Sade’s life and philosophy inspired many, among them German writer Peter Weiss, who wrote the play The Persecution and Assassination of Jean-Paul Marat as Performed by the Inmates of the Asylum of Charenton Under the Direction of the Marquis de Sade (shortened version “Marat-Sade” ) in 1963. The plot is set inCharenton asylum  in 1808, where Marquis de Sade directs a play about the death of the popular French Revolution leader Jean Paul Marat. Conceptualized as a play within a play, this sharp political theatre deals with abuse of power and the meaning of revolution. In the wake of  Artaud and Brecht vision of theatre, he uses the environment of chaos and madness to show human suffering and class struggle, as well as to question the role of the true revolution – should it change socity and where should the change come from: from the histrorical event itself of from ourselves? (more…)

Marat-Sade: A compelling interpretation of Peter Weiss’ play

Reviewed by Patrick Langston

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Photo: Marianne Duval

Director James Richardson has given us, as his thesis for an MFA in Directing at the University of Ottawa, a creative, focused and altogether compelling interpretation of Peter Weiss’ Marat/Sade.

The insane asylum that Richardson and his cast of student actors conjure is a fevered and dangerous place, a bubbling pot of injustice and brutality that constantly threatens to boil over.

Except for Charlotte Corday (Emma Hickey) – the narcoleptic who rouses herself long enough to murder Marat (Jeremie Cyr-Cooke), the revolutionary idealist with a really bad case of the itches, as he rests in his bath – the stage seethes and jitters with the non-stop twitches and outbursts of the patients. If ever there was a warning to iron-fisted leaders, whether they be political, cultural or of any other stripe, that repression has a limited shelf life, this is it.

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Marat-Sade: The Inmates of the Asylum of Charenton will go down in the history of the University of Ottawa Theatre department!

Reviewed by Alvina Ruprecht

 

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Photo Marianne Duval.   Paul Piekoszewski (Marquis de Sade) and Jérémie Cyr-Cooke (Marat).

This play written in German by Peter Weiss, with the terribly long title, was first produced by the Royal Shakespeare Company as part of Peter Brook’s LAMDA experiment , a season of Cruelty, executed under the influence of Artaud’s essay The Theatre of Cruelty . The original version of the essay, first published in French in 1938 , eventually appeared in English in the early 1960s during the neo romantic revolution in the Americas and that is when the English speaking theatre world began working on interpretations of Artaud’s ideas of a “theatre of Cruelty” . Brook worked with a chosen group of actors and writers to show the relationship between theatre and the body, between, theatre and therapy, as well as the use of theatre to transform and renew Western culture by taking a new look at the French Revolution as well as the conventions of the Western stage. One look at this play, shows us to what extent Ariane Mnouchkine’s 1789 was very likely inspired as much by Brecht’ as by Brook’s renewed vision of the stage.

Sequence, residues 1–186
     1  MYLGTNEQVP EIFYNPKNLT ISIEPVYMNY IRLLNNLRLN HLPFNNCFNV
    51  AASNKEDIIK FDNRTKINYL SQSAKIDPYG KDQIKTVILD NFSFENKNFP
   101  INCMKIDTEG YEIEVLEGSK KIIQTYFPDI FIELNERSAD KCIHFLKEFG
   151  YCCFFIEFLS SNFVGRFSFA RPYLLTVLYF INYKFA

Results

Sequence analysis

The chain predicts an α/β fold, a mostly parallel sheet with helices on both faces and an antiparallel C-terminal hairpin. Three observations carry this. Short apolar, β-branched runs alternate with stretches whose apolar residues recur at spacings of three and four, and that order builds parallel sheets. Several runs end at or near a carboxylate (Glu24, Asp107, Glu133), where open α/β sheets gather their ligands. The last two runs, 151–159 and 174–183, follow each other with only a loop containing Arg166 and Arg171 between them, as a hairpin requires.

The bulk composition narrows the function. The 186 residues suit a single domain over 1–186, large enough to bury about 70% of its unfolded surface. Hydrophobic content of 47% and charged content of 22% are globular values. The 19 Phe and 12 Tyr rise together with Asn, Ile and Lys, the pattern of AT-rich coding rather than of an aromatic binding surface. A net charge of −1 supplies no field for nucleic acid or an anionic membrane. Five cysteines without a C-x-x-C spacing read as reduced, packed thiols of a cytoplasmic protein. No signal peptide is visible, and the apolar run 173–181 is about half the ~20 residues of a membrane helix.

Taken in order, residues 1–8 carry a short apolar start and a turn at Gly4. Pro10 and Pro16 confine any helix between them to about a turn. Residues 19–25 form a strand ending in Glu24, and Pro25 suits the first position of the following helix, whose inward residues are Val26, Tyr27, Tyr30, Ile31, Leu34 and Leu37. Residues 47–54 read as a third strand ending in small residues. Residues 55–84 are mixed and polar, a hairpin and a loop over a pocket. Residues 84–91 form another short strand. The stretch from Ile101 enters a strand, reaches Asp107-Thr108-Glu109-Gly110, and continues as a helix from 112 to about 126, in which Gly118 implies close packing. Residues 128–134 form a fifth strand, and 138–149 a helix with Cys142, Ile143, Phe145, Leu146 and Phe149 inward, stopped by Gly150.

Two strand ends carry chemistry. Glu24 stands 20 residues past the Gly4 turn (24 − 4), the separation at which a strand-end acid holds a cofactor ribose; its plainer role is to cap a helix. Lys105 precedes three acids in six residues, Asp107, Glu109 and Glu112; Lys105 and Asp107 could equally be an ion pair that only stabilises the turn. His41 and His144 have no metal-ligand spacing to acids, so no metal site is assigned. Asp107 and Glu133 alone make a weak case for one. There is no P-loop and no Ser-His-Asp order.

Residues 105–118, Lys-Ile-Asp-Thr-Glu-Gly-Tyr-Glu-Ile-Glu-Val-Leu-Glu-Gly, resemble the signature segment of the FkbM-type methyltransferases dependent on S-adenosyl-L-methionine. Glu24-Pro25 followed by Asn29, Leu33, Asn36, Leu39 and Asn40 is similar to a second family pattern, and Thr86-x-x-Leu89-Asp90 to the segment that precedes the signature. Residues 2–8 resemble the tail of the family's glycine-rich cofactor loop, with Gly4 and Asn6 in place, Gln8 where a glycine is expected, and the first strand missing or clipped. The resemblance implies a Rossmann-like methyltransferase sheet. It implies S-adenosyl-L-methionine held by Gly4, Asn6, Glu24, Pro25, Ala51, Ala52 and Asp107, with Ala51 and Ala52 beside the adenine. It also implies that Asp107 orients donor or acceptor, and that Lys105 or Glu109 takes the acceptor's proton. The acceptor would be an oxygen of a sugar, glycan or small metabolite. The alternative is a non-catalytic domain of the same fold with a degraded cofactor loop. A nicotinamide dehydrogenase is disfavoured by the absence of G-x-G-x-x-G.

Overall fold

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The School for Lies at Algonquin College: Catriona Leger saves the evening!

Reviewed by Alvina Ruprecht

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Photo: Andrew Alexander   Trevor Osbourne and Ryan Young.

Translating Molière is often a risky undertaking as David Whitely has shown us. His translations have usually been very good because they have captured the spirit of the original in multiple ways and he was lucky to have a professional cast directed by John P. Kelly. David Ives an award winning translator of Classical French theatre speaks of his translation of Corneille this way: “it is neither a translation nor an adaptation; it’s what I call a translaptation” (Playbill). He clearly tells us his intentions concerning Le Misanthrope in his prologue: “Screw Molière….we will do our own version”. Director Catriona Leger tells us this is a “liberal” and “lively” adaptation of the original which is a bit of an understatement but still, we recognize some of the original in the text.